- Inflammatory demyelinating polyneuropathy: This is a type of polyneuropathy that can lead to cauda equina syndrome.
Cauda equina syndrome symptoms
Cauda equina symptoms involve the pelvic region and legs and include a lack of strength in the legs and numbness in all the areas served by the caudal nerves.
What are the first signs of cauda equina syndrome?
Early symptoms of cauda equina syndrome are given below.
- Saddle paresthesia: This is a tingling and numb sensation in the groin, thighs, and buttocks.
- Saddle anesthesia: This is a classic symptom of the condition and is when there is a loss of feeling in the parts of the body that would make contact with a saddle if you were sitting on one.
- Loss of feeling and weakness in the legs: Damage to the cauda equina nerves can mean that signals from the legs do not pass easily up the spinal cord. Numbness is a common symptom of many spine degeneration problems.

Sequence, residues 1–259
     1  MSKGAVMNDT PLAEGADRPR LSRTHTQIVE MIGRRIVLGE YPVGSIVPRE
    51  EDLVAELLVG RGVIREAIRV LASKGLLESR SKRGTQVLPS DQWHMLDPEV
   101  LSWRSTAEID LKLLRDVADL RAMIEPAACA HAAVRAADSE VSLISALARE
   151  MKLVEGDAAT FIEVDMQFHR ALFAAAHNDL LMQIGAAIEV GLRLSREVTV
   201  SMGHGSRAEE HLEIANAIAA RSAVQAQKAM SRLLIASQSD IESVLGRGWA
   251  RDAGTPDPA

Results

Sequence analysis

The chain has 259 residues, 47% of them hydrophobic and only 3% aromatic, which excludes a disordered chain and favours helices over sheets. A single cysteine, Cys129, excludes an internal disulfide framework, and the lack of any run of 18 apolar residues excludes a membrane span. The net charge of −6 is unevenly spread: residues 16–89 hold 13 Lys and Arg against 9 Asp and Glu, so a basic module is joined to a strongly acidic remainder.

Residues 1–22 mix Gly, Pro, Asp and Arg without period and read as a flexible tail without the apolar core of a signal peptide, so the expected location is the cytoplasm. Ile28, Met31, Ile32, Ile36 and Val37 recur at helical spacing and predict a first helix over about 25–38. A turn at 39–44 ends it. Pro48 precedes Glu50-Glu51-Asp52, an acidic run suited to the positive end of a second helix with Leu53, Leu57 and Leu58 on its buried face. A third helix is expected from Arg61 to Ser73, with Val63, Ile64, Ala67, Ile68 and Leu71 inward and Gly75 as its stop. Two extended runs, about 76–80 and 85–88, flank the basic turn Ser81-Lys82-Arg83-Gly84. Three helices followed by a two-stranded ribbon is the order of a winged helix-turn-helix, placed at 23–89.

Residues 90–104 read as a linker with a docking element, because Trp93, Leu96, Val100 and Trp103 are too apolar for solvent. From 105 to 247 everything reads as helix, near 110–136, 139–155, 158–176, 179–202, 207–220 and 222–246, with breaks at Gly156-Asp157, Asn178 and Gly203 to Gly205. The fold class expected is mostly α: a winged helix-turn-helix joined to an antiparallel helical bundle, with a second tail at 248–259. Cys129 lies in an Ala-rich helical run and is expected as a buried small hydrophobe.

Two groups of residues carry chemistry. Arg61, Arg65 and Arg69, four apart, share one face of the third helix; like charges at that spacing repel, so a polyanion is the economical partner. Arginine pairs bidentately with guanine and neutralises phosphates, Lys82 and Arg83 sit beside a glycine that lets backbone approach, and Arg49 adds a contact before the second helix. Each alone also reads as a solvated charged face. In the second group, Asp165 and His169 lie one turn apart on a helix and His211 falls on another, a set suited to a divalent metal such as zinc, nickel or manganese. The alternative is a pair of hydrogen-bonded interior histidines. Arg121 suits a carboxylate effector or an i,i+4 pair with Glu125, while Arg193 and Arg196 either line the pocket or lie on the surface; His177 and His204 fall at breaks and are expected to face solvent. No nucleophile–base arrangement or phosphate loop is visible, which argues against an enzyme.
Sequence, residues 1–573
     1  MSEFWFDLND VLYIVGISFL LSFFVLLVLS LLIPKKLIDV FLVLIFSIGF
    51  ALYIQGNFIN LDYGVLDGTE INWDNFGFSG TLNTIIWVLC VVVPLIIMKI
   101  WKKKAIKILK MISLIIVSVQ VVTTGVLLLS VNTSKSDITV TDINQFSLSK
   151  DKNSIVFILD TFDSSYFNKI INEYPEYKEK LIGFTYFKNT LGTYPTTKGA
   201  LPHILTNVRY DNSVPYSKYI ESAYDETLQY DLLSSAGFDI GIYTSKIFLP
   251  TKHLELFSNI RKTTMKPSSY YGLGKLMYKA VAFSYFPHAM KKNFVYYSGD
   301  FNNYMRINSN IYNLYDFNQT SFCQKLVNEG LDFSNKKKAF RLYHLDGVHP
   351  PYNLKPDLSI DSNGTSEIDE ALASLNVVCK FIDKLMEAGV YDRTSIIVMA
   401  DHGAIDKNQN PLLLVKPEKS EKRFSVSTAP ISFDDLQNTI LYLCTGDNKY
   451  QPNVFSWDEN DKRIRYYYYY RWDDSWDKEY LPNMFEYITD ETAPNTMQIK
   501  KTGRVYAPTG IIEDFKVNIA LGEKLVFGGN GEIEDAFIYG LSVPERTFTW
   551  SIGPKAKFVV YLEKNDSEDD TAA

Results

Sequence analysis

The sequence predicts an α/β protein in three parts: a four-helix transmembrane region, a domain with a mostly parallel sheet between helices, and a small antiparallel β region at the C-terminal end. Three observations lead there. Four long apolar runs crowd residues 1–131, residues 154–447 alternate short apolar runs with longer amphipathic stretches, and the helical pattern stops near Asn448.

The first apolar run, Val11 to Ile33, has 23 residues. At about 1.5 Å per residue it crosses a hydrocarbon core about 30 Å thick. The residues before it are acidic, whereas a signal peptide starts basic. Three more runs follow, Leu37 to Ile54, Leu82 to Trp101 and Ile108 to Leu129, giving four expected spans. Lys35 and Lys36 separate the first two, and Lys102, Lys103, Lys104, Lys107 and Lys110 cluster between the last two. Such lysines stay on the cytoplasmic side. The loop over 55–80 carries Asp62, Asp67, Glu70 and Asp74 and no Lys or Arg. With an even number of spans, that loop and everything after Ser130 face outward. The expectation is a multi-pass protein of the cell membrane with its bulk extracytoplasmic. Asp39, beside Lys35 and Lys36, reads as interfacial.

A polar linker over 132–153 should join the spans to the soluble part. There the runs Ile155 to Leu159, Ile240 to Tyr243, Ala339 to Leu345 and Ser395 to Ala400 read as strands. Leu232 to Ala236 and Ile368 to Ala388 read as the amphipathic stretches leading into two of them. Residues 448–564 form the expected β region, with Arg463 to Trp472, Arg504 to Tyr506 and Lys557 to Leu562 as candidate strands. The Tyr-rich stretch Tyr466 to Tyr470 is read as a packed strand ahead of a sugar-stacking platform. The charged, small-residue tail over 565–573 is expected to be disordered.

- Bowel incontinence: The tone of the anal sphincter can be lost causing fecal leakage.
- Bladder incontinence: The bladder overfills with urine causing leakage.
- Retention of urine: The person has no sense that they need to urinate due to a loss of sensation.
Additional symptoms of cauda equina syndrome are as follows:
- Sciatica: Pain that begins in the lower back and extends down into one or both legs.
- Sharp lower back pain: This can occur due to inflammation in the area of the back where a disk is bulging out.
- Inability to walk: This is because the motor function of the nerves is compromised.
- Reduced reflexes: The interruption in nerve signals means that messages cannot get through to the section of the spinal cord where reflexes are generated.
Cauda equina syndrome diagnosis
It is important for doctors to determine if a patient has cauda equina vs conus medullaris. This can be achieved through careful diagnostic testing.
To diagnose cauda equina syndrome, imaging methods are required. Cauda equina diagnosis methods are given below.
- Magnetic resonance imaging (MRI): This is a good technique for diagnosing CES since it shows fine details, including soft tissues.
- Computer tomography (CT): This scan can show the bones and also how big the space surrounding the spinal cord is.
- Myelogram: This is an X-ray of the spine after a contrast dye has been injected into the body. This can show if nerves are being pinched.
Does cauda equina syndrome go away?
This condition cannot go away on its own. Living with cauda equina syndrome is difficult especially since it is likely to lead to total incontinence and paralysis. Without treatment complications are likely.